Growth Spurts

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Squeezed as it was between its neighbors, Newe Towne couldn’t expand to the east, the northeast, or the west. The only way open, on the same side of the river, was northwest.

Expansion came mainly in three growth spurts. After the details of the boundary with Charlestown were worked out in 1632–33, the town pleaded with the General Court to grant it more land so that it could attract and keep inhabitants. There was some reason for this anxiety: a fairly large number of residents, led by the town’s minister, Thomas Hooker, were planning to pull up stakes and go settle in Connecticut. Their chief complaint was that the town lacked sufficient farmland to support them adequately. (Mr. Hooker, an able and charismatic minister, had also fallen into disagreement with the colony’s leaders on some matters of civil and ecclesiastical governance, and this also played a part in their restlessness.)

Though the boundary between Newe Towne and Watertown wasn’t fully settled until 1635, the General Court was aware even a year earlier that Newe Towne’s land problem was real, and they responded in 1634 by granting it a sizable chunk of land on the opposite, south bank of the Charles—a chunk that contained what are now Allston, Brighton, Newton, and Brookline. (The last of these villages was included in the grant only on condition that Newe Towne persuade Mr. Hooker and his followers to stay on. When that effort failed in 1636, the town had to relinquish Brookline, but it kept all the rest.) And that was the first growth spurt.

On its own side of the Charles, Newe Towne was lobbying to push its boundary to the northwest. Early in 1636, the General Court declared that “Newe Towne bounds shall run eight myles into the country, from their meeteing house.” This grant—the second growth spurt—added to the town most of what is now Arlington and more than half of Lexington—the eight-mile boundary line was a short way west of Lexington’s present center. That was the second growth spurt.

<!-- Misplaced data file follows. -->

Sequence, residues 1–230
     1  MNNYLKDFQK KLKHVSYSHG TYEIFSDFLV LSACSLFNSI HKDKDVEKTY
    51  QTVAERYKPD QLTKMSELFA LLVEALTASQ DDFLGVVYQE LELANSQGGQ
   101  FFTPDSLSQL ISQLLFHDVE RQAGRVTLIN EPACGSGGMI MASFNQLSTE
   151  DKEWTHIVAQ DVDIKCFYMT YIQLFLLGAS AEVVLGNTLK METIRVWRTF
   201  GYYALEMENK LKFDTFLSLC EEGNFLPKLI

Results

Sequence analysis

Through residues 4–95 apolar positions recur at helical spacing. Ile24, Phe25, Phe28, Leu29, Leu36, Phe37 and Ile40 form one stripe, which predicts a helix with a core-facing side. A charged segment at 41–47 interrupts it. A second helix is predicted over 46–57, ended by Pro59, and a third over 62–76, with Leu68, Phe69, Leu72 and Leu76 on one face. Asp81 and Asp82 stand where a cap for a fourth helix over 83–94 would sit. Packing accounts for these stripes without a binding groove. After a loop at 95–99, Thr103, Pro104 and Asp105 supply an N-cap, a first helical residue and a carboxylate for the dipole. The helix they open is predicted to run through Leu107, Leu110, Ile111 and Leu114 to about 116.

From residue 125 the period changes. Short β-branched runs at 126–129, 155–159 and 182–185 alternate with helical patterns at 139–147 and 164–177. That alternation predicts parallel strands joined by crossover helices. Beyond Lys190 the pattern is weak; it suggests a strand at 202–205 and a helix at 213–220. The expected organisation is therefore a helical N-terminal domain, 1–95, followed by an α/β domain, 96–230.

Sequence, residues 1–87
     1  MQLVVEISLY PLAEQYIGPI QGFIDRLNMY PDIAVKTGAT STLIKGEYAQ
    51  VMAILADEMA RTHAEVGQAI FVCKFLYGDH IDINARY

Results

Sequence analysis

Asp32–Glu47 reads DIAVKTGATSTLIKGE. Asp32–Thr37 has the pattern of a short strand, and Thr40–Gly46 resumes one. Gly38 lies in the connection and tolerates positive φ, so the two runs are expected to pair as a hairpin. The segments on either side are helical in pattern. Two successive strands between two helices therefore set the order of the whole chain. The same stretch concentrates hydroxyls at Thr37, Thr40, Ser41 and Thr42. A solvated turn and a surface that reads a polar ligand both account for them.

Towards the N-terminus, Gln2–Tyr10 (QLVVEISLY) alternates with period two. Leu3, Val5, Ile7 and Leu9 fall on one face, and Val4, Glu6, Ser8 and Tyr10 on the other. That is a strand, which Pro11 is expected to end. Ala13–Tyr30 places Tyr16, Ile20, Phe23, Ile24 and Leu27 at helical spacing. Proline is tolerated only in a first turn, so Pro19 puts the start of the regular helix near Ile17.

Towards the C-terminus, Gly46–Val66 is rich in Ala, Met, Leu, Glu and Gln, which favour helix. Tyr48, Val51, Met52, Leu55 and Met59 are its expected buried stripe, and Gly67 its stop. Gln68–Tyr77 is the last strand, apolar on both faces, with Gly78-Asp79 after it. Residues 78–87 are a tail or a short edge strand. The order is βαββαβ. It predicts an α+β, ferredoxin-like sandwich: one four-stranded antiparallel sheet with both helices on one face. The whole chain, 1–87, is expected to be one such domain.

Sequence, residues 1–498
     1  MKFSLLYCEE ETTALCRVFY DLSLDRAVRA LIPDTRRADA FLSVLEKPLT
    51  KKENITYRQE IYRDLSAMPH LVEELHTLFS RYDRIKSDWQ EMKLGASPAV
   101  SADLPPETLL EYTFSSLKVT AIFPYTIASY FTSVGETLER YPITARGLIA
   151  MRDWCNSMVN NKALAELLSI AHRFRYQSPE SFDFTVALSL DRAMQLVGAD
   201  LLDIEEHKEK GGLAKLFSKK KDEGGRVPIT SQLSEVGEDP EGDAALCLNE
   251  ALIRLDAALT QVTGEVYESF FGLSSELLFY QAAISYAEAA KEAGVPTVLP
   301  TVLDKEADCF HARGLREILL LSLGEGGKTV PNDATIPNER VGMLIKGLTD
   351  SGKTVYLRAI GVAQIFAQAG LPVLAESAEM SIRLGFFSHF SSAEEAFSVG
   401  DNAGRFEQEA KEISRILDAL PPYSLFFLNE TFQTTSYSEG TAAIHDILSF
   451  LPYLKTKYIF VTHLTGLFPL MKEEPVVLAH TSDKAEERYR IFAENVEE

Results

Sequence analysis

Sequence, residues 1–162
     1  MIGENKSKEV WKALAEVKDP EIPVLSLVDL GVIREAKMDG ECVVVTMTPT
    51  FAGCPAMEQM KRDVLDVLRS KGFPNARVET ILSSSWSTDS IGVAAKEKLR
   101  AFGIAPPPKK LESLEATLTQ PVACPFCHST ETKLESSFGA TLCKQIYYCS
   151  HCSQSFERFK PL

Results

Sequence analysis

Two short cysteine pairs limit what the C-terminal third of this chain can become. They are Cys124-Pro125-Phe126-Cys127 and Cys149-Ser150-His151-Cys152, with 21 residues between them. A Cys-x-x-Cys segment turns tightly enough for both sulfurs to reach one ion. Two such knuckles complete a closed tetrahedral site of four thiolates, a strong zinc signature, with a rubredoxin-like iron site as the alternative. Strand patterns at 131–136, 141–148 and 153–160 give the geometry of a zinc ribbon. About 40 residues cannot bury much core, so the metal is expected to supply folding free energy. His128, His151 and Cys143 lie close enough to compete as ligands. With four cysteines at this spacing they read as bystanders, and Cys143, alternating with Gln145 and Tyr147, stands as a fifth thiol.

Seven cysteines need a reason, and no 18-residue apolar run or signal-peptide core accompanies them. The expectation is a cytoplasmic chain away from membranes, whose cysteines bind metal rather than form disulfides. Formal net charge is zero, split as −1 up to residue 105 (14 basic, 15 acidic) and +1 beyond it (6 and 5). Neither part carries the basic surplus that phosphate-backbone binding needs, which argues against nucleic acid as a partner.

Newe Towne’s northwest extension was comparatively narrow, tucked between Watertown to the southwest and Woburn to the northeast. Those boundary lines diverged, so the territory added to Newe Towne grew broader as it approached the western limit. But that territory included some rocky hills that were not much good for farming. The people of the town (which after changing its name in 1638 was coming to be known as Cambridge), still felt hemmed in.

In 1641–42, they persuaded the General Court to grant them “all the land lying upon Saweshin [i.e., Shawsheen] Ryver, and between that and Concord Ryver, and between that and Merrimack Ryver, not formerly granted by this Court … so long as they erect a village there within five years….” They had trouble meeting this deadline, which had to be extended and was ultimately canceled. The final grant was made without conditions in early 1644. It included not only the territory along the Shawsheen, but also what lay between Cambridge and Concord. This, the third and greatest growth spurt of them all, more than doubled the territory that was nominally within Cambridge. However, some of the land added in the grant had already been given to various owners by the General Court.

There wasn’t space to print the river names legibly on the map, but you can see the Concord River defining the western (left) side of the granted territory and running into the Merrimac at the upper left. The Shawsheen runs parallel to line that defines the eastern side of the grant, and runs off the top of the map a little to the right of center. (It reaches the Merrimac at what is now Lawrence.)

Settlers began moving into the Shawsheen land, but the town also gave a good deal of it to owners who continued living in Cambridge—well-to-do folk who could hire laborers to work their distant farms.